"A study conducted in 1999 … had people pick three movies out of a selection of 24. Some were lowbrow like 'Sleepless in Seattle' or 'Mrs. Doubtfire.' Some were highbrow like 'Schindler's List' or 'The Piano.' In other words, it was a choice between movies which promised to be fun and forgettable or would be memorable but require more effort to absorb.
"After picking, the subjects had to watch one movie right away. They then had to watch another in two days and a third two days after that. Most people picked 'Schindler's List' as one of their three. They knew it was a great movie because all their friends said it was. … Most didn't, however, choose to watch it on the first day. …
"Many studies over the years have shown you tend to have time-inconsistent preferences. When asked if you would rather have fruit or cake one week from now, you will usually say fruit. A week later when the slice of German chocolate and the apple are offered, you are statistically more likely to go for the cake. … With Netflix, the choice of what to watch right now and what to watch later is like candy bars versus carrot sticks. When you are planning ahead, your better angels point to the nourishing choices, but in the moment you go for what tastes good."
— David McRaney, writing on "Procrastination," on Oct. 27 at You Are Not So Smart
'Fair Game' lies
"[Valerie Plame] did quit her job at the CIA (according to the film, it became impossible for her to continue in her nonproliferation work) but 'Fair Game' is at its weakest when it is supposed to be at its most harrowing. Essentially, the climax of ['Fair Game'] shows [Joe] Wilson and Plame's marriage nearly falling apart because they argue about how many media interviews to accept.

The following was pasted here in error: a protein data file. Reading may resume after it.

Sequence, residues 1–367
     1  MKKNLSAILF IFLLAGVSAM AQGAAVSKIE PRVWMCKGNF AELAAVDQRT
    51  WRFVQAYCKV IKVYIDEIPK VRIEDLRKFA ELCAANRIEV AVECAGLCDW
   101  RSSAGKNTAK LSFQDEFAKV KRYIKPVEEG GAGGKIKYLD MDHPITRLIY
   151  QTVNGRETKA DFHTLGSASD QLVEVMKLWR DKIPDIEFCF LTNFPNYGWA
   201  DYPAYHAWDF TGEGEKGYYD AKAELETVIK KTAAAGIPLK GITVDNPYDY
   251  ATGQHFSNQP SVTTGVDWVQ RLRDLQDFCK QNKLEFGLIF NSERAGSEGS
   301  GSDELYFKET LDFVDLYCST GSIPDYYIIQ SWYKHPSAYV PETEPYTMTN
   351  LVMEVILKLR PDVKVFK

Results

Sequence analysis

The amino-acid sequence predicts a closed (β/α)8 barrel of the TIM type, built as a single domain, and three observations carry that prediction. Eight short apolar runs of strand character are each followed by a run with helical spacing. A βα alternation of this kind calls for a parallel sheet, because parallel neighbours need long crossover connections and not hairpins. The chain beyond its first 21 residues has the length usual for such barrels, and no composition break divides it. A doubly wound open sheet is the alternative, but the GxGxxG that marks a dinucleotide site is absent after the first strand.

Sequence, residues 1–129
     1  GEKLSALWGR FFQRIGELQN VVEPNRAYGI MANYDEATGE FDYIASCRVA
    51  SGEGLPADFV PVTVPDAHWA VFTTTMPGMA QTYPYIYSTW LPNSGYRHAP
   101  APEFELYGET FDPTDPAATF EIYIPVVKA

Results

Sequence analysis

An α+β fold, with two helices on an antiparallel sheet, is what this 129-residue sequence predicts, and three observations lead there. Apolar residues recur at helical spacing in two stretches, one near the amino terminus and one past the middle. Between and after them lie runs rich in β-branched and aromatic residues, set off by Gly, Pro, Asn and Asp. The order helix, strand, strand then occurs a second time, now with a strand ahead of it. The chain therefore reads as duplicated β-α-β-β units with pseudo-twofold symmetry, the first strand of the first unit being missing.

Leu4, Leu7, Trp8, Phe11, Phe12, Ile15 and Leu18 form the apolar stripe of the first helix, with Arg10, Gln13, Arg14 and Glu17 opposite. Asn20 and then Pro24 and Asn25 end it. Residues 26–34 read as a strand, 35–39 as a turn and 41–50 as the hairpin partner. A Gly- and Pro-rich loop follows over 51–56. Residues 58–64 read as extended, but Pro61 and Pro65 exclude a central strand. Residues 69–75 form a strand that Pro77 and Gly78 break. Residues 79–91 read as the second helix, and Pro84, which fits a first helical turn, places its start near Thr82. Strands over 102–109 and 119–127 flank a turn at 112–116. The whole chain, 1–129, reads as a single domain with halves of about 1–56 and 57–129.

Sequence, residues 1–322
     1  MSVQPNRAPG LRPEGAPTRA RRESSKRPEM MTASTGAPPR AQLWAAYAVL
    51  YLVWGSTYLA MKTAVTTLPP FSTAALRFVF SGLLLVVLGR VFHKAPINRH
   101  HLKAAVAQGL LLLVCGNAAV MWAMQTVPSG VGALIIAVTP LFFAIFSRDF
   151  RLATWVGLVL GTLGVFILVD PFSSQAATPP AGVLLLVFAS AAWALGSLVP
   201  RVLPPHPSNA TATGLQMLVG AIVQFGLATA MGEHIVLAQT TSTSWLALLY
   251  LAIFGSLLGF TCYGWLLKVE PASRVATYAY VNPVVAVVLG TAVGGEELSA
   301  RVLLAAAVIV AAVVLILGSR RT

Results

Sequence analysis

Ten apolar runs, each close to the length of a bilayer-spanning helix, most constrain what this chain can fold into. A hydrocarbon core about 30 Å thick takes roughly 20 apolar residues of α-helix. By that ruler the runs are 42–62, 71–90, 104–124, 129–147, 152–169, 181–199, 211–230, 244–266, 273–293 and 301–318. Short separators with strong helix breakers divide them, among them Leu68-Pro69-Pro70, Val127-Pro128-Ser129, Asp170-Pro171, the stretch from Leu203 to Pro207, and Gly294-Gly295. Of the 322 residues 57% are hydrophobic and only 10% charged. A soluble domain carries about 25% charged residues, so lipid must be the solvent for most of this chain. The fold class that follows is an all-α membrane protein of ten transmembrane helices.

"It may be unfortunate that publicity necessitated the end of Plame's career, but it also bestowed upon her a new and highly profitable job — Being Valerie Plame. She and Wilson each sold memoirs for considerable sums, sold their story to the movies for still more, and she now earns a living as a paid speaker. Perhaps the single most ludicrous scene is the one in which [actor Sean] Penn's indignant Wilson, who has been all over television trumpeting his version of events, tells her that Vanity Fair is interested in doing something with the couple. [Actress Naomi] Watts's Plame treats this as an absurd, even offensive suggestion. Unmentioned is that they did both appear in a larky, glamorous Vanity Fair spread."
— Kyle Smith, writing on "Plame and Fortune," on Oct. 31 at Commentary magazine
"The fight going on in the media, the one that so offends [Jon] Stewart's sensibilities, is happening because the healthy flag of open partisanship is being planted where once the dishonest but oh-so sober and thoughtful flag once few — the same flag that allowed an Uncle Walter to help lose a war and condemn millions to slavery and death with what I'm sure would be the Jon Stewart-approved tone of declaring Vietnam lost.
"Stewart simply could not be more wrong about what's best for politics in this country. The media's baby steps out of their partisan closets and the declaring of an open war for their side is one of the single … healthiest things to happen to our politics in decades. Because it is honest.
"MSNBC is staffed with a legion of beclowned fools, but Ed Schultz, Rachel Maddow, Lawrence O'Donnell, Chris Matthews and Keith Olbermann deserve credit for not hiding behind the cloak of lies found in the words 'objectivity,' and I will take 50 openly honest left-wing MSNBC loons … over any ONE of those who refuse to remove that cloak, namely the Stewart-approved PBS, ABC, NPR, and CBS."
— John Nolte, writing on "In Which I Defend Keith Olbermann From Jon Stewart's Sanctimony," on Oct. 31 at Big Hollywood